Insurers say 'legal fees for barristers are not falling'
Insurers have rubbished claims by barristers that their fees have fallen by up to 50pc since the recession - as the row deepened over soaring insurance premiums.
The chairman of the Bar Council, David Barniville SC, claimed in recent weeks that legal fees were not to blame for insurance costs.
But Insurance Ireland, which represents the majority of the country's insurance sector, hit back yesterday, questioning the accuracy of claims by the council chairman that barristers' fees had fallen by between 30pc and 50pc since 2008.
In a statement, its chief executive Kevin Thompson said: "Insurance Ireland members have not seen that reduction in their legal costs and the statistics don't back it up."
He also said the body stood over its assertion that the cost of claims, including legal fees, was leading to rising insurance premiums.
Mr Thompson said the increase in the cost and frequency of claims had been well established by the Central Bank, the National Competitiveness Council and the Personal Injuries' Board.
His comments came as Fianna Fáil demanded the introduction of a national claims register to improve transparency by forcing companies to publish anonymised details of every pay-out they make.
But Mr Thompson's remarks ignited a furious row, with the Bar Council swiftly issuing a statement to the Irish Independent saying it stood over its figures.
It cited data from various State agencies, who are the largest users of barristers' services, for the period 2006 to 2013. The council said this data showed professional fees in respect of barristers saw average decreases of between 26pc and 50pc.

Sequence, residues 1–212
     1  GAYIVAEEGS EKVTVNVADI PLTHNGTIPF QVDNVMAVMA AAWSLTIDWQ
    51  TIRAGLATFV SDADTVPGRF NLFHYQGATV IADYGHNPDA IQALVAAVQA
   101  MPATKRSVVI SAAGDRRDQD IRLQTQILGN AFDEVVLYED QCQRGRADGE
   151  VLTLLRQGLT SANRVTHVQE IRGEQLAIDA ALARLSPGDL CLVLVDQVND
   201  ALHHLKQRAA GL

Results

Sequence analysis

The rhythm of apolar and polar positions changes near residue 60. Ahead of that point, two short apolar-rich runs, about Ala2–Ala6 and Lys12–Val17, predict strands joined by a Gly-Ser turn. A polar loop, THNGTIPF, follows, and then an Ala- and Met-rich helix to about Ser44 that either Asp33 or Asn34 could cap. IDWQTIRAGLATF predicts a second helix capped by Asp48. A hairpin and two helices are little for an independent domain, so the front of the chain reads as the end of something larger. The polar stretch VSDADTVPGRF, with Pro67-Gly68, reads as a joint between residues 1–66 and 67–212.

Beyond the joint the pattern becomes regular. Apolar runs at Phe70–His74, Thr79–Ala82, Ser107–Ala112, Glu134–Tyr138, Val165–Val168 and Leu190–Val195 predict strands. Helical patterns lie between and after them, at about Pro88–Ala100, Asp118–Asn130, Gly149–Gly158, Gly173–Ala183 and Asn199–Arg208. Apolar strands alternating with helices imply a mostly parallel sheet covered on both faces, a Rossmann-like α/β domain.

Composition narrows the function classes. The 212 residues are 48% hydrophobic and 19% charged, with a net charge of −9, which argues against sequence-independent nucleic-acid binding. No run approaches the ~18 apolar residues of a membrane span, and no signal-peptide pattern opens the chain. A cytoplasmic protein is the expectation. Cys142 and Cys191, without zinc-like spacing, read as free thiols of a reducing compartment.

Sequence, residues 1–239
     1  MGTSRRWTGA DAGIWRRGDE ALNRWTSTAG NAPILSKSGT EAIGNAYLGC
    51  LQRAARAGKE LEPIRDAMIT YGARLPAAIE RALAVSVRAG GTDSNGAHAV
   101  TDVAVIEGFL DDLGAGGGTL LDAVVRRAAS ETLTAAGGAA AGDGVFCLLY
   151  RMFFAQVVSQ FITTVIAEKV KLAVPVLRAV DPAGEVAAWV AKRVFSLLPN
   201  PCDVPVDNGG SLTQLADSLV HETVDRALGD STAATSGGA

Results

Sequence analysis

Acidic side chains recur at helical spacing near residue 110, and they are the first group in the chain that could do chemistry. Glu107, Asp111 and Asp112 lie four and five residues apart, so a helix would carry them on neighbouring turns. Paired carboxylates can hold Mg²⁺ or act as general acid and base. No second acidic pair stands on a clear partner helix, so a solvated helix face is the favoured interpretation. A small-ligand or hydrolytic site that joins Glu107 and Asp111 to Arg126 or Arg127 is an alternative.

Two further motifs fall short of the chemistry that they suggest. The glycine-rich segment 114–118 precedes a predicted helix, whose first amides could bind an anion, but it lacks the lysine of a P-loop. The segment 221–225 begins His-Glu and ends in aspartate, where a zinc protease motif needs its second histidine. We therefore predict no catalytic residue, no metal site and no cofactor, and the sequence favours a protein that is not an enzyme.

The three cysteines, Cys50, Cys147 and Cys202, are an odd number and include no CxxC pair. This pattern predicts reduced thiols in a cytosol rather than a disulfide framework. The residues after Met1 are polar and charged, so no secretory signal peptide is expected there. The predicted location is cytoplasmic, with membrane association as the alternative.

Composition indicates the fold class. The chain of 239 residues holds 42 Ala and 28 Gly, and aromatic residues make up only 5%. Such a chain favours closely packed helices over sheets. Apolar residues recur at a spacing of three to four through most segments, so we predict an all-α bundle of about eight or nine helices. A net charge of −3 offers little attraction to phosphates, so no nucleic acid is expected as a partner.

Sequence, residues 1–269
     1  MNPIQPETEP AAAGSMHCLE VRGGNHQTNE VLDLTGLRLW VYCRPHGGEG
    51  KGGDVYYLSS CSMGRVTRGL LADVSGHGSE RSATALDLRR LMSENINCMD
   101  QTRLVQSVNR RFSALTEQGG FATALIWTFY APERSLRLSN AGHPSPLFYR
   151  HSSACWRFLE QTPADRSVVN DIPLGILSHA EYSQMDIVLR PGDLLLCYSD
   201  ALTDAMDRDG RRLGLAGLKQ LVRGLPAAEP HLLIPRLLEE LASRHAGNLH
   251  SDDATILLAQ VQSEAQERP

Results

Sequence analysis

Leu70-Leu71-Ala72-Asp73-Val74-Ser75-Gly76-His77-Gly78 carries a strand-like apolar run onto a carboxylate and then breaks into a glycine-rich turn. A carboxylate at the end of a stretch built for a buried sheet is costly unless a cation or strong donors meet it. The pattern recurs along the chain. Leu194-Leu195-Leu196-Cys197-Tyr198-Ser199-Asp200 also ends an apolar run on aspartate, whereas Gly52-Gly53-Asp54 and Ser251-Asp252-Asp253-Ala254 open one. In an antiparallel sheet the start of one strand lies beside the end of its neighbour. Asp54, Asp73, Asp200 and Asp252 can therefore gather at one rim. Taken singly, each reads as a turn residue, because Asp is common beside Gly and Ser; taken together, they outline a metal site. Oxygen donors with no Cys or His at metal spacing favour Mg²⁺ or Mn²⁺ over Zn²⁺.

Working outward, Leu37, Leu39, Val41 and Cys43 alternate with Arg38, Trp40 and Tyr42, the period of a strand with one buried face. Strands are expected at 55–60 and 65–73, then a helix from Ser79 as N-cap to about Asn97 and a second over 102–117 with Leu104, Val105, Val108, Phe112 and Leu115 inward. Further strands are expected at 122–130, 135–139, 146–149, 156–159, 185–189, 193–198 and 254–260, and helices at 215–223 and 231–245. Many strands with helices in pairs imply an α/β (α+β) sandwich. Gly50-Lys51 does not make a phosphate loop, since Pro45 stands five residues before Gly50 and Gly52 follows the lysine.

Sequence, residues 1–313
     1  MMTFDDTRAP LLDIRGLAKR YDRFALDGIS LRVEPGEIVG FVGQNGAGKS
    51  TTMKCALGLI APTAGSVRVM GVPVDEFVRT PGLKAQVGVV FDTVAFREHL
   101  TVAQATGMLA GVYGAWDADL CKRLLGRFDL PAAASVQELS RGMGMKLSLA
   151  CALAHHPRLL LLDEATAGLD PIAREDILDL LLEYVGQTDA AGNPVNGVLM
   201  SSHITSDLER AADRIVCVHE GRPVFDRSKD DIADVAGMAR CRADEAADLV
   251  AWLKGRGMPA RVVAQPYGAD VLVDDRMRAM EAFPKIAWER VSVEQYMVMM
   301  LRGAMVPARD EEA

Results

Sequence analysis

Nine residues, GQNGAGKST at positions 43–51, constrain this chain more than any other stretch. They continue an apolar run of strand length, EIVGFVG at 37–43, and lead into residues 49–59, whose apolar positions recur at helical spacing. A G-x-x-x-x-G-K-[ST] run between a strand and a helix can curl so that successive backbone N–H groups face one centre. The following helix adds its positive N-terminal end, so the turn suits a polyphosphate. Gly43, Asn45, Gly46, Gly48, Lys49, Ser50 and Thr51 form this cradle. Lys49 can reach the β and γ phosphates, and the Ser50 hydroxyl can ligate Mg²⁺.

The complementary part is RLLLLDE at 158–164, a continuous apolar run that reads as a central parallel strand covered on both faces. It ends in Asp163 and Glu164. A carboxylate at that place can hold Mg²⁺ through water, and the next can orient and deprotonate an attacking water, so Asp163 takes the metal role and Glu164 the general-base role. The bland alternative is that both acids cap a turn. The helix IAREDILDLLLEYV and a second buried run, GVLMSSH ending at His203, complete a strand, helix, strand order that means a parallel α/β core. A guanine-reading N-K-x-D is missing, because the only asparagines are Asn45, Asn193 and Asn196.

In the Dáil last night, Finance Minister Michael Noonan said the economic recovery was partly to blame for the hike in premiums.
"Claims frequency has increased as a result of increased economic activity and increasing miles travelled per car. This is not being counter-balanced by a drop in the number of accidents," he said.
Mr Noonan said consumers were being "directly impacted" by the cost of using the legal system to settle disputes and compensation awards that result.
He indicated Fine Gael will not oppose a motion from Fianna Fáil seeking a taskforce to investigate what is driving prices up.
Mr Noonan said he was open to the idea of a "broad taskforce" but wanted to wait for the outcome of a review of the market that is already under way within his department. It is considering issues such as a National Claims Register that would log all pay-outs whether made in or out of court.
"Accurate timing and accessible information on claims in particular would assist insurers, including new entrants in the Irish market," he said.